The Movie Date is a weekly feature where we discuss movies that may appeal to the YA audience. Andrew is The Reading Date’s resident movie critic and this week he discusses the newly released political thriller: Argo.
During the 1979 hostage crisis, a CIA expert, charged with smuggling six diplomats out of a hostile Iran, asks them to pose as the film crew of a fake sci-fi movie.
“ARGO” IS NOT AN ACTION MOVIE. If there were six words I’d want to share with every Reading Date reader, it would be those. It’s being marketed as an action pic because that’s a lucrative genre. But this film has no car chases, no explosions, and few killings. And though there are guns visible throughout—the government militia is a constant presence—they aren’t used to advance the plot.
What this is, is a political thriller (closely based on a true story), and a darned thrilling one at that. The tension is high in every scene: the six nervous young Embassy executives, including two couples, are being given sanctuary in the home of the sympathetic Canadian ambassador. But they know if they’re identified in the outside world, they’ll be imprisoned or even shot on sight.
Exfiltrating expert Tony Mendez (Ben Affleck, who also directed) knows this, too, and is frustrated when his Agency experts can’t come up with a suitable method of extracting them from the country (the best idea has the diplomats riding bicycles for 200 miles). While watching a Planet of the Apes movie with his son, he hits on a “so crazy it just might work” idea: create a fake Hollywood movie and have the diplomats pose as a film crew scouting locations in Iran. Somehow he’s able to sell it to his high-strung boss (Bryan Cranston, Breaking Bad). Now he just has to make it happen.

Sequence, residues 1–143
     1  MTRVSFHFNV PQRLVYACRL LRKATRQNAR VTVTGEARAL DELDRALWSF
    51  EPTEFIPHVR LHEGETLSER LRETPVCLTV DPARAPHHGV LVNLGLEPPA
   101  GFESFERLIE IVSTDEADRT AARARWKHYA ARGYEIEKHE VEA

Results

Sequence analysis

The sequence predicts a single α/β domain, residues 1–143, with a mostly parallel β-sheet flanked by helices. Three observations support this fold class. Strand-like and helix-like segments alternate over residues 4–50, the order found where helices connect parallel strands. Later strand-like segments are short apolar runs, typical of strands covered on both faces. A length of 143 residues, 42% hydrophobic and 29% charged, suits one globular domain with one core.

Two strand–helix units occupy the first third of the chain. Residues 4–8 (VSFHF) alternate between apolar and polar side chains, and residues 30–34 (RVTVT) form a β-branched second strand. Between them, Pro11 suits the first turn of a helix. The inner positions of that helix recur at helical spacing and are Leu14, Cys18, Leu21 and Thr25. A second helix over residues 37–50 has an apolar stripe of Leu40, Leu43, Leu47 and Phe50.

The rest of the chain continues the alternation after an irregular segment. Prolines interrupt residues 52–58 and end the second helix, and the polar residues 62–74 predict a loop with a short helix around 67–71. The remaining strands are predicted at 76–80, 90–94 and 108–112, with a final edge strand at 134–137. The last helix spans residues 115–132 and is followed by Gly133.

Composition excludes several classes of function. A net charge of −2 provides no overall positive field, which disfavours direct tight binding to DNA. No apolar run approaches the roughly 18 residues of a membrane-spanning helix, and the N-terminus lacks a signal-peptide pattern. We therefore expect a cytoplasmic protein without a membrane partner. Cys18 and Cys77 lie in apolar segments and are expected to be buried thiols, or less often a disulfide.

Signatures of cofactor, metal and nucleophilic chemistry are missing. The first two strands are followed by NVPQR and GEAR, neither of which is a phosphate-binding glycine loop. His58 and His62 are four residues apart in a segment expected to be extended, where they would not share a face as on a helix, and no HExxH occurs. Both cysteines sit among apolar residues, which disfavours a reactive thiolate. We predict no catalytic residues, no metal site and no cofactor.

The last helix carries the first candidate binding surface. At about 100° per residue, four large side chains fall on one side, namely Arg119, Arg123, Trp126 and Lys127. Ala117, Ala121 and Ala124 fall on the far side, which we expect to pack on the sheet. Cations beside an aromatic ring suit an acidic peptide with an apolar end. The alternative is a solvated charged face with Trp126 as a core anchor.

Once Mendez lands in LA, the film adopts a slightly more humorous tone as we meet the cuddly makeup artist (John Goodman) and the weary trash-cinema producer (Alan Arkin) who know how to breathe life into the mad scheme. To garner the press that will make the film authentic, they stage a press event in which the film’s Hollywood “cast,” in costume, do a live reading of the script; the comic surrealism of this moment is intercut with the dangers encountered by other hostages in Iran. Finally Mendez arrives in Tehran and meets with the diplomats, but his job is far from over. And the risks just keep rising, as shredded documents and photos are slowly reassembled and a server in the Canadian ambassador’s home grows suspicious of the six houseguests …
The fact that the story (taken from this 2007 article in Wired magazine) is true is pretty incredible, and it’s a credit to director Affleck and the screenwriter that it wasn’t goosed with a lot of unwarranted violence: what you see really does seem to be what went down. (The end credits even show the event’s real people alongside the performers who played them.) Surprisingly, the film shows a great deal of compassion for human life, not just that of the diplomat houseguests but also Mendez’, the ambassador’s, and even that of innocent Iranians caught up in the confusion. At the end of the screening I attended, the audience cheered; hopefully you will too.
Argo is rated R and now playing in theaters nationwide.
Are you planning to see Argo? If you have seen it, what did you think?